B. The symptoms do not meet criteria for a Mixed Episode (both manic and depressive symptoms at the same time).

C. The symptoms cause clinically significant distress or impairment in social, occupational, or other important areas of functioning.

D. The symptoms are not due to the direct physiological effects of a substance (e.g., a drug of abuse, a medication) or a general medical condition (e.g., hypothyroidism).

E. The symptoms are not better accounted for by Bereavement, i.e., after the loss of a loved one, the symptoms persist for longer than 2 months or are characterized by marked functional impairment, morbid preoccupation with worthlessness, suicidal ideation, psychotic symptoms, or psychomotor retardation.

Surely, any person who meets the criteria above is suffering mightily, as Horwitz and Wakefield are quick to accept. What they question is whether such suffering necessarily means that person has a mental illness. The persistence of symptoms for more than two weeks, for example, tells us nothing -- such a threshold seems purely arbitrary. Someone reeling from the devastating shock of a breast-cancer diagnosis, desertion by a spouse, or loss of a business will often be profoundly distraught for more than two weeks. Also, he will likely experience the same symptoms as someone with major depressive disorder. As many of us know firsthand, disrupted sleep, and a loss of concentration, appetite, energy, and libido are all too common -- and entirely normal -- byproducts of an acute psychological blow.

The DSM concedes the outward similarities between expectable sadness and pathological depression. This is why it excludes from the diagnosis of major depressive disorder people who are in a state of bereavement, the prototypical sadness response. Horwitz and Wakefield would extend that exemption to individuals who are reacting to losses of any kind, not just to the death of a loved one. In a recent study that they published with two others in the Archives of General Psychiatry, the authors estimated that such a stipulation would exempt one out of every four people currently diagnosed as clinically depressed. That adds up to a lot of people in a country where about fourteen million people a year -- or at least three-quarters of them -- are afflicted with major depression.

Does this mean that one in four people who feel depressed should forgo psychiatric care -- or be refused it? Not at all. Intensely sad people who want professional help should get it, the authors say, and it is perfectly reasonable for insurers to cover their care. Medication may be in order as well, even if the symptoms are proportionate to the precipitant. But Horwitz and Wakefield are concerned that mistaking a normal reaction for a pathological one can "prejudice" the clinician into prescribing an antidepressant as if he were treating a true disorder "for which medication is the optimal treatment when evidence suggests that [for sorrow] other interventions may offer equal or better relief."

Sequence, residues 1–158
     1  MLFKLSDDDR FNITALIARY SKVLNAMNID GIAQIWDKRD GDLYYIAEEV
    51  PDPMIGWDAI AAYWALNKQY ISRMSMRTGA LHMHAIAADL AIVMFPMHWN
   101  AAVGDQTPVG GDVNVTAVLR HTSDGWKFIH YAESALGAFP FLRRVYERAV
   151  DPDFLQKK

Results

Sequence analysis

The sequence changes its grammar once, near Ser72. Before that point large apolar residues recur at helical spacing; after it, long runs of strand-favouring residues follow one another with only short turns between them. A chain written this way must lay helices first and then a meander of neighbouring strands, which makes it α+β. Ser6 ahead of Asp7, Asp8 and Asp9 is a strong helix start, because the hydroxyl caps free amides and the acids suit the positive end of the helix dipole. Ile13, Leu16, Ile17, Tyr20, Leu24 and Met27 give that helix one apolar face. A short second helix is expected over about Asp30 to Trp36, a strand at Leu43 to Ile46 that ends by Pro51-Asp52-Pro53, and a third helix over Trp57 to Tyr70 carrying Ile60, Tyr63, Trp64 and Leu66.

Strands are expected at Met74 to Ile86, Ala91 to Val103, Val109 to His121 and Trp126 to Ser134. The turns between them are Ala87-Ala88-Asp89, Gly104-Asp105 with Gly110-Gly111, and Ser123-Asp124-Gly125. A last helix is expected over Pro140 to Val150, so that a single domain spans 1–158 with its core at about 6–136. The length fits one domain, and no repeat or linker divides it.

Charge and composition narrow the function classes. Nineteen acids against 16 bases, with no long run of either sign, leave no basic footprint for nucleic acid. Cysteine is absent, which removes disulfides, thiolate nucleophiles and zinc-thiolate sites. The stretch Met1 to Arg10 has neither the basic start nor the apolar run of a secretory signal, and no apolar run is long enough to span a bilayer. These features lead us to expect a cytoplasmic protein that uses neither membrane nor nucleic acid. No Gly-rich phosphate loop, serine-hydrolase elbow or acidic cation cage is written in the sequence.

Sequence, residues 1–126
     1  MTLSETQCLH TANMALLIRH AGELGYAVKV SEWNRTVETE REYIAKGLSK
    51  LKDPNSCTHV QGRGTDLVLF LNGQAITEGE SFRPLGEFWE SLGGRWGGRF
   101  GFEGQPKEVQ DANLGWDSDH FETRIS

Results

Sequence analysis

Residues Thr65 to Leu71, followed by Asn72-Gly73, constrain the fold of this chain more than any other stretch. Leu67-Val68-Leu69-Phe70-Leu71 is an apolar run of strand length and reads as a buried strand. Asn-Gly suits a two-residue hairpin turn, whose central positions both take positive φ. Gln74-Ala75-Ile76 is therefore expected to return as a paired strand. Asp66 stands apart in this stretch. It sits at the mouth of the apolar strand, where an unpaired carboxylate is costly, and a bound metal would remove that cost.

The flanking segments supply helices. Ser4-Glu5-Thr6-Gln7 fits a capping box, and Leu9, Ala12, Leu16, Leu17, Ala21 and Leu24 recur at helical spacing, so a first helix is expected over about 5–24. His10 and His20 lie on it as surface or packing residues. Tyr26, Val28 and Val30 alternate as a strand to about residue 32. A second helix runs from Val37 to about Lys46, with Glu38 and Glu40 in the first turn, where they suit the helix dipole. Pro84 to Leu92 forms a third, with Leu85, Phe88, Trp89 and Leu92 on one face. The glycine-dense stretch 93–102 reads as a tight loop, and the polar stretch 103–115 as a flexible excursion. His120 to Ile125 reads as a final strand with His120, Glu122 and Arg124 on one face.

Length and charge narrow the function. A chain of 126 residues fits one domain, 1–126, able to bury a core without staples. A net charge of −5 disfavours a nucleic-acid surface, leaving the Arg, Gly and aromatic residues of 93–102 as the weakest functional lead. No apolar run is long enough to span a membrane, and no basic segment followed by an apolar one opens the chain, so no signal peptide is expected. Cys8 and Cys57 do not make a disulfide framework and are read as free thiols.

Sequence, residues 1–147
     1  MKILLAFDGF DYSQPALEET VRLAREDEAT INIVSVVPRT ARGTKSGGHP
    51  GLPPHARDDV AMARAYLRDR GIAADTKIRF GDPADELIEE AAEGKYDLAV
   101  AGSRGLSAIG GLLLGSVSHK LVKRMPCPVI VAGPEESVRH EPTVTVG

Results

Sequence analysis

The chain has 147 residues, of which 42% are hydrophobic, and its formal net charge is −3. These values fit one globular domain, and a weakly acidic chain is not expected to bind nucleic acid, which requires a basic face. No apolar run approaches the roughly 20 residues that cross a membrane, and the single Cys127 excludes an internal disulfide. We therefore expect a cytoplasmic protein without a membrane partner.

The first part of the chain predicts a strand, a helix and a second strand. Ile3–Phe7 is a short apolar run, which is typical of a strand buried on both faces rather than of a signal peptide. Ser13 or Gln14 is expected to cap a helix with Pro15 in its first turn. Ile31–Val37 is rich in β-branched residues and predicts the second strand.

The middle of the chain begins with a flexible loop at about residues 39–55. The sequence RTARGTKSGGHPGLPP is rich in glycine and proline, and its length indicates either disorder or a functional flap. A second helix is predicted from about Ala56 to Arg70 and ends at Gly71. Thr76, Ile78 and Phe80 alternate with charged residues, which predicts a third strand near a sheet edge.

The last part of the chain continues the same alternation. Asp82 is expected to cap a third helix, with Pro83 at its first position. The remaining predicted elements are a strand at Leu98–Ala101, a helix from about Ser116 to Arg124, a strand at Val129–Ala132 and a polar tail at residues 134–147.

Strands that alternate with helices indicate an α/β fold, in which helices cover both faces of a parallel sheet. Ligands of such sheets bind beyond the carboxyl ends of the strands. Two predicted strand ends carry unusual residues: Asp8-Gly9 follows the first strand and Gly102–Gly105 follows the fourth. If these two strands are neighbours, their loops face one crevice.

How, then, to distinguish a true disorder from a non-disorder? The first indicator, the authors contend, is the situational context in which the symptoms are grounded. If they emerge in response to a cause -- a great loss or disappointment -- they are more likely to be natural. Also, normal sorrow is proportional to the nature of the crisis experienced, and; it is time-limited. By contrast, pathological, or clinical, depression, would present the mirror image. (The term "biological depression" is misleading because even normal sadness is associated with neurochemical changes.) In the classic form of uncaused depression -- referred to in the pre-DSM-III days as endogenous depression or melancholia -- symptoms arise mysteriously out of the blue when life is otherwise good. It seems clear that whatever biological mechanism that regulates mood has gone badly awry.

Yet clinical depression need not always have a spontaneous onset; it can also arise in the aftermath of loss. The important distinction between normal sorrow and major depression, the authors say, is that in the latter the symptoms triggered by circumstances eventually lose their contextual moorings. Either they persist long beyond the resolution of the stressful situation, or the point at which an otherwise healthy person would have adapted to a new condition; or they mutate into overt psychosis, suicidal impulses or actions, or physical immobilization. A patient in the pathological realm is beset by self-reproach and ruminations. He does not brighten when, say, a beloved grandchild visits, and he cannot imagine anything ever making him happy again.

In emphasizing the "caused" versus "non-caused" aspect of depression, Horwitz and Wakefield seek to revive a once-vital concept. As they document in rewarding detail, the importance of context as a key to whether a condition is abnormal was appreciated throughout the ages. Hippocrates and Aristotle distinguished melancholic states -- considered a surfeit of black bile in those days -- according to whether they arose with or without cause, associating only the latter with disease. Roman physicians also assented to this distinction. In the Renaissance, even greater emphasis was placed on cause. In 1621, Robert Burton, the author of the great Anatomy of Melancholy, identified today's equivalent of depressive sickness as "sorrow...without any evident cause grieving still, but why they cannot tell."